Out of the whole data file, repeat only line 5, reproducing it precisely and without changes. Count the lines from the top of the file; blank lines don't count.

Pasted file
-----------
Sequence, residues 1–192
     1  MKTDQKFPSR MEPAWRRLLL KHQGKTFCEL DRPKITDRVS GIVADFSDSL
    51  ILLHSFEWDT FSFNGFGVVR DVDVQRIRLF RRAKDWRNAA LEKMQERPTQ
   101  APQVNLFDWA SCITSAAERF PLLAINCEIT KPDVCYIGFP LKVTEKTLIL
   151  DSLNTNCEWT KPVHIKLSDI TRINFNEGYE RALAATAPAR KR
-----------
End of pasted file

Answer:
   151  DSLNTNCEWT KPVHIKLSDI TRINFNEGYE RALAATAPAR KR